CIUTI Policy Statement
At a time when English is the global lingua franca and technology claims to offer instant solutions to overcome language barriers, it might be tempting to believe that translation and interpreting are fated to disappear and that translators and interpreters are endangered species. This is a misconception: in an increasingly globalised and inclusive world, translation, interpreting and related language professions are more essential than ever.
Because of communication. Not everyone speaks English. Only properly trained language professionals can ensure error-free and risk-free communication across languages and cultures at a time when freedom of movement and global migration have multiplied the opportunities and need for people with different linguistic and cultural backgrounds to interact.
Because of the quality of communication. Lingua francas have always existed. But communication in a language that is not one’s own mother tongue inevitably involves certain limitations and difficulties of expression and comprehension. Qualified translators, interpreters and related language professionals are the only possible solution, as technology is unable to deal with the infinitely rich, complex and culturally entrenched communication between human individuals and communities.
Because of the dangers of monolingualism. The use of a single language in the production and communication of knowledge carries the risk of imposing a monoculture that does not reflect the epistemological diversity that multilingualism embodies. In focussing on commercially viable languages, technology reinforces linguistic monocultures, whereas the variety of languages represented by professional translators and interpreters averts such a risk.
Because of the implementation and enjoyment of rights. Language can be an obstacle to full access to public services for those lacking proficiency in the language of the country that is hosting them. This is particularly important in sensitive areas such as justice and healthcare. Qualified translators and interpreters are instrumental in guaranteeing the protection of human rights enshrined in international law. Moreover, purely technological solutions offered by private companies storing data for their own purposes are likely to pose additional risks in terms of confidentiality and privacy.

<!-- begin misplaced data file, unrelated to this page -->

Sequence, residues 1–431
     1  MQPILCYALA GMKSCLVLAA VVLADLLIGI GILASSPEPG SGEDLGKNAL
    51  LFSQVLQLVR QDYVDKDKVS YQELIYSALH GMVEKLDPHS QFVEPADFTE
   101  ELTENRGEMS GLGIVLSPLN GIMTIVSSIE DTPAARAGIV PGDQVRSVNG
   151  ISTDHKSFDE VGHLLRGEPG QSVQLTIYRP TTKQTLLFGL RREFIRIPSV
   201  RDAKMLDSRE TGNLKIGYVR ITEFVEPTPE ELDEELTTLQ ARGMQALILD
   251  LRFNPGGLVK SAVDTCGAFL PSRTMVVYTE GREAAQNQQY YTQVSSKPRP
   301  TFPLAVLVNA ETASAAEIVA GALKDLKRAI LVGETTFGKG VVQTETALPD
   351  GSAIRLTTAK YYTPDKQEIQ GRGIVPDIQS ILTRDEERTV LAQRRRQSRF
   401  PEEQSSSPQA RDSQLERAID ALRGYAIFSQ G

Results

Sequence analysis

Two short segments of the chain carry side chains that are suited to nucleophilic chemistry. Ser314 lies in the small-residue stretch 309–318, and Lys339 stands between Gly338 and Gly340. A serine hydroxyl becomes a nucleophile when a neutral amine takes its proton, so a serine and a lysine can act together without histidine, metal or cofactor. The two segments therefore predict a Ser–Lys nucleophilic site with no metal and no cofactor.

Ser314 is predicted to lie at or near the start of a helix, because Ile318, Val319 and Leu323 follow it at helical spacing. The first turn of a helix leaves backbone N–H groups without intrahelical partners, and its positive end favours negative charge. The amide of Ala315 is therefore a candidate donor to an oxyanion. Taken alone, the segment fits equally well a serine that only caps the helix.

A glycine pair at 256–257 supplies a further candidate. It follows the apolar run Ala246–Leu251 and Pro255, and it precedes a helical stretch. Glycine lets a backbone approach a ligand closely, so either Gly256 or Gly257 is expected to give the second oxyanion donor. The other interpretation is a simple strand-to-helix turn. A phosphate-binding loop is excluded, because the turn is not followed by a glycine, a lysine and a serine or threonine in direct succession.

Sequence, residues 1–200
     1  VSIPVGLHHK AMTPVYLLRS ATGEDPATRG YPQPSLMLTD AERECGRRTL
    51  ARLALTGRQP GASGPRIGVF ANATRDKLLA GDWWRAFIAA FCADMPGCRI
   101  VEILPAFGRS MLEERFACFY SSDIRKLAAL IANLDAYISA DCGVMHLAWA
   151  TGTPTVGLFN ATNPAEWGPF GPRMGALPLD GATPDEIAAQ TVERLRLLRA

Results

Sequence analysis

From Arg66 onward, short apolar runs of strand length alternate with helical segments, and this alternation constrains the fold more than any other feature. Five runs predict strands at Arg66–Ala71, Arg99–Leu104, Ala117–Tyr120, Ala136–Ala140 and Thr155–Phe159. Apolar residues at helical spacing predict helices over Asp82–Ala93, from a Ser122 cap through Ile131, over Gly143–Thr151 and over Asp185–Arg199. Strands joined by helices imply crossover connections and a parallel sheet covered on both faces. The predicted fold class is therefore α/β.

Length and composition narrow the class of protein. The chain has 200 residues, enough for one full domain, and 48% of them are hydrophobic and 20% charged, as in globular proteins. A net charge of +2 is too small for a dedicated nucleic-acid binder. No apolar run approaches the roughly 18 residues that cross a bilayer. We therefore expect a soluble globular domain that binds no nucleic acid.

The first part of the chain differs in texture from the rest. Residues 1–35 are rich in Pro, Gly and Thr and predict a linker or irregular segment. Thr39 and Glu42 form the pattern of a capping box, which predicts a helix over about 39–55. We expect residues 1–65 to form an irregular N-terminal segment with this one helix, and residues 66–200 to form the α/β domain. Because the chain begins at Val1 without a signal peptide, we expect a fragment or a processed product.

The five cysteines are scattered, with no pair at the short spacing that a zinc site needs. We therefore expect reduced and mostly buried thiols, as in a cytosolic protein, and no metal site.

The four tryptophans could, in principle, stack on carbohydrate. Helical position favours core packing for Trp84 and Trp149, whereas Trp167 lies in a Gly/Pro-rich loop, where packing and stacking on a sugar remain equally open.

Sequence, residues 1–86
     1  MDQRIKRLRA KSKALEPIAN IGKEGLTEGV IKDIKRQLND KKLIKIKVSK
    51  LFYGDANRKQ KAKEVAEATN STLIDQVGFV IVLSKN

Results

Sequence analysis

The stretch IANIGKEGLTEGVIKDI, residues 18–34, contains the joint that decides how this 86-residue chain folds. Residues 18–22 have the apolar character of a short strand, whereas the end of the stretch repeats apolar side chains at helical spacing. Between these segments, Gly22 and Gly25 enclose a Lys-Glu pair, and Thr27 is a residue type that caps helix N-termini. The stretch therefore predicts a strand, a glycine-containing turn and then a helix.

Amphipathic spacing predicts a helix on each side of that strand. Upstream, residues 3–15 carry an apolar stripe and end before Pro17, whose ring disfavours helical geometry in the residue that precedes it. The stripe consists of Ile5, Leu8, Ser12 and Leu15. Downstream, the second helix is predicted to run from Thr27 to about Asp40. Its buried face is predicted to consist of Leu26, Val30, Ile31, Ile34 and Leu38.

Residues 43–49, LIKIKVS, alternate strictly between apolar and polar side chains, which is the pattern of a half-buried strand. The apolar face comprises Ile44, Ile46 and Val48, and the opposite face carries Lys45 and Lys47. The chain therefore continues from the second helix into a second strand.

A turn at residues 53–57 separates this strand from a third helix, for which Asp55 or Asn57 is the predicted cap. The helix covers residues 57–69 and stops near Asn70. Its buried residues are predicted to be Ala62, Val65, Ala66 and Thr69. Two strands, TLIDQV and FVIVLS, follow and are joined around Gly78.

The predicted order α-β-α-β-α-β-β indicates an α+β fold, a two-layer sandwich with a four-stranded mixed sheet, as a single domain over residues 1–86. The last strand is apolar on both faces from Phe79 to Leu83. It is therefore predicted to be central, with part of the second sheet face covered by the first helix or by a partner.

Safeguarding the quality of the language professions and the research-based training provided by accredited institutions is therefore of paramount importance.
Many things may change in the future, especially in terms of technological development. But no matter how great its impact, technology will never be able to replace human added value. There will always be a need for translation and interpreting – and for the qualified individuals who are able to meet that need empathically, creatively, adaptively and ethically.
Knowing languages is a necessary but insufficient condition for the practice of translation and interpreting – only properly trained and qualified professionals possess the highly specialised competences and skills that such work demands. The social and economic importance of translation and interpreting makes it imperative that only competent professionals should be engaged in these activities.
Despite varying local traditions, circumstances and requirements, training in translation, interpreting and related language professions, at both undergraduate and postgraduate levels, is guided by rigorous standards and oriented on shared models of competence and research. It is in the decisive interest of education authorities to promote and support departments and institutes of translation and interpreting, which provide the essential technical and cultural instruments to train all those able to meet such a specific societal need. This applies just as much to the research that underpins the training and to the technologies that assist and support translators, interpreters and language professionals in their work.
Training, research and service to society are the three key mandates of universities the world over. Translation and interpreting, two academic disciplines shaping high-quality professional practice, are ideal fields in which to perform them.
Founded in 1960, CIUTI has developed from a European-based organisation into a worldwide association with more than 50 institutional members in four continents. Its mission is to promote quality and excellence in training and research in translation, interpreting and related disciplines.